For it to pass the House, the pact will need to quickly win backing from most Democrats and at least a few dozen Republicans who have frequently balked at spending and debt-ceiling bills they say don’t do enough to shrink the budget deficit.

At the same time, the White House and GOP leaders will have to make sure the provisions used to pay for the deal don’t alienate liberal Democrats, who could oppose changes to safety-net programs.

On Nov. 3, the Treasury will exhaust emergency cash-management measures that it has employed since March if the debt limit isn’t increased. Congress, meantime,faces a Dec. 11 deadline when funding for the government runs out.

Congressional Republicans have been torn apart by intraparty feuds, resulting in Mr. Boehner’s surprise decision last month to resign. Still, he has stitched together a few bipartisan accomplishments this year, including a payment-funding fix to Medicare this spring and trade-negotiation authority this summer.

Resolving both major fiscal issues would ease the burden for Rep. Paul Ryan (R., Wis.), who is expected to become House speaker when elections take place Thursday.


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Obama to push for prison reform, gun control in Chicago – By Jordan Fabian – 10/27/15 12:01 AM EDT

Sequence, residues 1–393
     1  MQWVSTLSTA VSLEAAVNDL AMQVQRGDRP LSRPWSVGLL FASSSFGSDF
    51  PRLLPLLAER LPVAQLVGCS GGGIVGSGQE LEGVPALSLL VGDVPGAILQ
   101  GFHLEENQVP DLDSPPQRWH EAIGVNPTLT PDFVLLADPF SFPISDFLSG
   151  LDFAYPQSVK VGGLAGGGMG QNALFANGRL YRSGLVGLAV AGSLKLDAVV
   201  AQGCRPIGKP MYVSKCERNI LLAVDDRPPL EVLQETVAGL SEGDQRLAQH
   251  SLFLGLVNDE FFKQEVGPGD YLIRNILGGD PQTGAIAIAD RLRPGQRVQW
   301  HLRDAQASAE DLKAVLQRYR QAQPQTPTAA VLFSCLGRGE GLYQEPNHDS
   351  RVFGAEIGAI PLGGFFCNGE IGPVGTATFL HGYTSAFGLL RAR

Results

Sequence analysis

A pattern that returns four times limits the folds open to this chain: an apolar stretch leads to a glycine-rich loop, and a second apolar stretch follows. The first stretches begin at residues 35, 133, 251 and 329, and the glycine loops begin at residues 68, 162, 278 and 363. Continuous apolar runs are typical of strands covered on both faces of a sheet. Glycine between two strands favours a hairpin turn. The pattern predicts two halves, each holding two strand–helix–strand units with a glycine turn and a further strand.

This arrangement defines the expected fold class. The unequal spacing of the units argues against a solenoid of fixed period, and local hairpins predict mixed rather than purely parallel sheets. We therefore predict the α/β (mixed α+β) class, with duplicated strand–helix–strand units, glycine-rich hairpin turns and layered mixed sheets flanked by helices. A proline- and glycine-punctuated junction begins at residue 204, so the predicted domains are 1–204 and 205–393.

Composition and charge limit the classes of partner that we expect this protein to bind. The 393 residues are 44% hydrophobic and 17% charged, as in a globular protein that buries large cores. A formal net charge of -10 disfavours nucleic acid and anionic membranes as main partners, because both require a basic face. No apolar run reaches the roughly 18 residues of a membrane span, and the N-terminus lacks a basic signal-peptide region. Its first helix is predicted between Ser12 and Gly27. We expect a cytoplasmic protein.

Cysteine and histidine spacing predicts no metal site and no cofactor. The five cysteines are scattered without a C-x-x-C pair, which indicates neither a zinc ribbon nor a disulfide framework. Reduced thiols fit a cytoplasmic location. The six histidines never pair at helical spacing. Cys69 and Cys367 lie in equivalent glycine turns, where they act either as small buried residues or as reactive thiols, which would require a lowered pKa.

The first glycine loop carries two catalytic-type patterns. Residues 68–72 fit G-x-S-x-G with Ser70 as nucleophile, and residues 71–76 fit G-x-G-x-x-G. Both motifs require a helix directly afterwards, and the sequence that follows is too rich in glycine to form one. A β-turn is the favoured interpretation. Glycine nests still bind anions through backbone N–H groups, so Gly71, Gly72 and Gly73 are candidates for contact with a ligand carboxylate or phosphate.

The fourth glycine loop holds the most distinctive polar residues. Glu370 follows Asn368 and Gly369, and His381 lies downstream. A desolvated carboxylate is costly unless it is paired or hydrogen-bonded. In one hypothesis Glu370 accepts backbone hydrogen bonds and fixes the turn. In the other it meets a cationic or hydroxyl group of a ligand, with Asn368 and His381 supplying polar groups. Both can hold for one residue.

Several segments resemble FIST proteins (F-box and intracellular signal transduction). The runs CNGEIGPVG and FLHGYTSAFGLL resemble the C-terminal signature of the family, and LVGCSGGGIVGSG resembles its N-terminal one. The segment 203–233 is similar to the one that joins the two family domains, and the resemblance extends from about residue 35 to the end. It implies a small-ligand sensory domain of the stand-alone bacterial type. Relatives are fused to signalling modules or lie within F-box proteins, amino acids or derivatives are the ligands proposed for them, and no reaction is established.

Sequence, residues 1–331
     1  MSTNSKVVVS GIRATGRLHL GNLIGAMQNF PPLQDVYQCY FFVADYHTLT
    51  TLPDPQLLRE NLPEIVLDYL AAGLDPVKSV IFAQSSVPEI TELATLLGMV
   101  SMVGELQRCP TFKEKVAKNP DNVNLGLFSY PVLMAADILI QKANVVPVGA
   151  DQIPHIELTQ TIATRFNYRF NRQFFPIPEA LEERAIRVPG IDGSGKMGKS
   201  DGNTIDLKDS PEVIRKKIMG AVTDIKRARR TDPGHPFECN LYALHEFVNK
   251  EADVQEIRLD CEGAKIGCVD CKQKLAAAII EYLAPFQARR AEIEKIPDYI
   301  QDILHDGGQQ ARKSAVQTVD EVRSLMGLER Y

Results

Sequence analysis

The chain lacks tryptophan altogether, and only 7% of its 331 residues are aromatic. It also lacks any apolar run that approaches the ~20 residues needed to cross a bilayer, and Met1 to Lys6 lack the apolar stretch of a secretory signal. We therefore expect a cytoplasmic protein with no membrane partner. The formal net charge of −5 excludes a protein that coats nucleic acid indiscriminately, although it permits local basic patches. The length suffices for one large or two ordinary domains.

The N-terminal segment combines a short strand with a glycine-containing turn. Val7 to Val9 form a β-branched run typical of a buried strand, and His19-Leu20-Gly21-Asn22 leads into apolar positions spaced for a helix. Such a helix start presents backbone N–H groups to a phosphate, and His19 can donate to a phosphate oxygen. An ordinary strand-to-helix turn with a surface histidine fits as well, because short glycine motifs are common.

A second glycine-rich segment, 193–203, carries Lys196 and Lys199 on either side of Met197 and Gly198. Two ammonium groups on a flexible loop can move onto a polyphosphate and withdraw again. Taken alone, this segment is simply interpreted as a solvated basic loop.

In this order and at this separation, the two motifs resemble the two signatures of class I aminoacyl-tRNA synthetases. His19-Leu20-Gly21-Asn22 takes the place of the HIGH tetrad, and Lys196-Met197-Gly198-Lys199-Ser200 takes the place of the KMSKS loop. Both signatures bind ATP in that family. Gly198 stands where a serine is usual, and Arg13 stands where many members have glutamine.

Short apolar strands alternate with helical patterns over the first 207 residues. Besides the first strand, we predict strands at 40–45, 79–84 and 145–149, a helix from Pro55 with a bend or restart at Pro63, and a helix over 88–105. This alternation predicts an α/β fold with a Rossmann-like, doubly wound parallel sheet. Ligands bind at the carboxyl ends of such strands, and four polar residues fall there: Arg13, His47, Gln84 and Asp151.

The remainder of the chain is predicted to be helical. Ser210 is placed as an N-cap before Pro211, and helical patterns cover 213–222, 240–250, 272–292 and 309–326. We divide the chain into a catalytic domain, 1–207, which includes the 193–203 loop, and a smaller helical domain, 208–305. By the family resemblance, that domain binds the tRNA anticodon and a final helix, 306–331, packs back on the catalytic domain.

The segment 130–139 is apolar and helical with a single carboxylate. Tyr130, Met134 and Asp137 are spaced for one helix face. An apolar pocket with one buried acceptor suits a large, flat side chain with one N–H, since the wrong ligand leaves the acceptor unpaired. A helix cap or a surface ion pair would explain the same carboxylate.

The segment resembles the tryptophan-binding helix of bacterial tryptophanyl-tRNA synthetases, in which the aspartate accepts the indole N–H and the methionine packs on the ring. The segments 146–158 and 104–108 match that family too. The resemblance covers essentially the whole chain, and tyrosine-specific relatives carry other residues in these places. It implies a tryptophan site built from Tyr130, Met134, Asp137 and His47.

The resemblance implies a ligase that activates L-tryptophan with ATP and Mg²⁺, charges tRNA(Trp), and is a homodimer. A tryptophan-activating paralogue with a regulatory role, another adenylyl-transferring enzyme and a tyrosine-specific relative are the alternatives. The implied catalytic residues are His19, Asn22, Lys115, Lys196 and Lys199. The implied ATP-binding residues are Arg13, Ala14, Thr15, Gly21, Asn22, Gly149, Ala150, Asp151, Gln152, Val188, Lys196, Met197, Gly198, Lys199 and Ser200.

Seeking to build support for a bipartisan criminal justice overhaul, President Obama will speak to a group of police chiefs on Tuesday in his hometown of Chicago.

But Obama also plans to wade into the politically divisive issue of gun control during his speech to the International Association of Chiefs of Police.

“He will continue to push for criminal justice reforms that will make the system smarter, more effective, and more fair, while addressing the need for commonsense gun safety reforms,” a White House official said in a statement.

Obama is seeking to capitalize on bipartisan momentum behind reducing the nation’s large prison population, which could hand him a major legislative victory during his final 15 months in office.

The president and Democrats argue mass incarceration has ripped apart families across the country, especially in communities of color. Republicans have emphasized the high cost of imprisoning nonviolent drug offenders.

Obama asked Congress this summer to send him a criminal justice reform bill by year’s end. That effort took a step forward last week, when the Senate Judiciary Committee advanced a proposal that would reduce certain mandatory minimum sentences.

The legislation still faces a long road to passage — the House and Senate must vote on it. But if it reaches Obama’s desk, it would be a significant achievement given partisan divisions in Congress that have been deepened by election-year politics.

At the same time, Obama has vented his frustration at lawmakers for failing to pass new restrictions on gun sales following a series of mass shootings that have cast a cloud over his presidency.

The White House is aware of the symbolism of speaking out on the issue in Chicago, where gun violence has reached record levels. The city had experienced 2,300 shootings this year as of the end of September, up by 400 at the same point in 2014. Homicides have jumped by 21 percent.